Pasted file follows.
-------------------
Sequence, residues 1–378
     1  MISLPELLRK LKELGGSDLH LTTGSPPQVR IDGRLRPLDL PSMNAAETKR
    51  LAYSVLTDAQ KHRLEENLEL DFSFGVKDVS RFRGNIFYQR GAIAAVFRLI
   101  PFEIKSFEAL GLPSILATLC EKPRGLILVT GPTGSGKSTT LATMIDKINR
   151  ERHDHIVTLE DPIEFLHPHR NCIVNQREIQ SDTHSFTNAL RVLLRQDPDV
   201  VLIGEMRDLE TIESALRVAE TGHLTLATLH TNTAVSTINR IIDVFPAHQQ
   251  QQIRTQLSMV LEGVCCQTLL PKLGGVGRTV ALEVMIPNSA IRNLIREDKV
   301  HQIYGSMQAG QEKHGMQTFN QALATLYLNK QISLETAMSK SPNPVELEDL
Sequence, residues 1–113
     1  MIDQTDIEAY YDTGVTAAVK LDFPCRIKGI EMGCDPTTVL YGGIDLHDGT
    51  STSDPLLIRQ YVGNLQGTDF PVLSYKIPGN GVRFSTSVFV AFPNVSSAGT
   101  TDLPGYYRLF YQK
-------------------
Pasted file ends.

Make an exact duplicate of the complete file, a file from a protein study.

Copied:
Sequence, residues 1–378
     1  MISLPELLRK LKELGGSDLH LTTGSPPQVR IDGRLRPLDL PSMNAAETKR
    51  LAYSVLTDAQ KHRLEENLEL DFSFGVKDVS RFRGNIFYQR GAIAAVFRLI
   101  PFEIKSFEAL GLPSILATLC EKPRGLILVT GPTGSGKSTT LATMIDKINR
   151  ERHDHIVTLE DPIEFLHPHR NCIVNQREIQ SDTHSFTNAL RVLLRQDPDV
   201  VLIGEMRDLE TIESALRVAE TGHLTLATLH TNTAVSTINR IIDVFPAHQQ
   251  QQIRTQLSMV LEGVCCQTLL PKLGGVGRTV ALEVMIPNSA IRNLIREDKV
   301  HQIYGSMQAG QEKHGMQTFN QALATLYLNK QISLETAMSK SPNPVELEDL
Sequence, residues 1–113
     1  MIDQTDIEAY YDTGVTAAVK LDFPCRIKGI EMGCDPTTVL YGGIDLHDGT
    51  STSDPLLIRQ YVGNLQGTDF PVLSYKIPGN GVRFSTSVFV AFPNVSSAGT
   101  TDLPGYYRLF YQK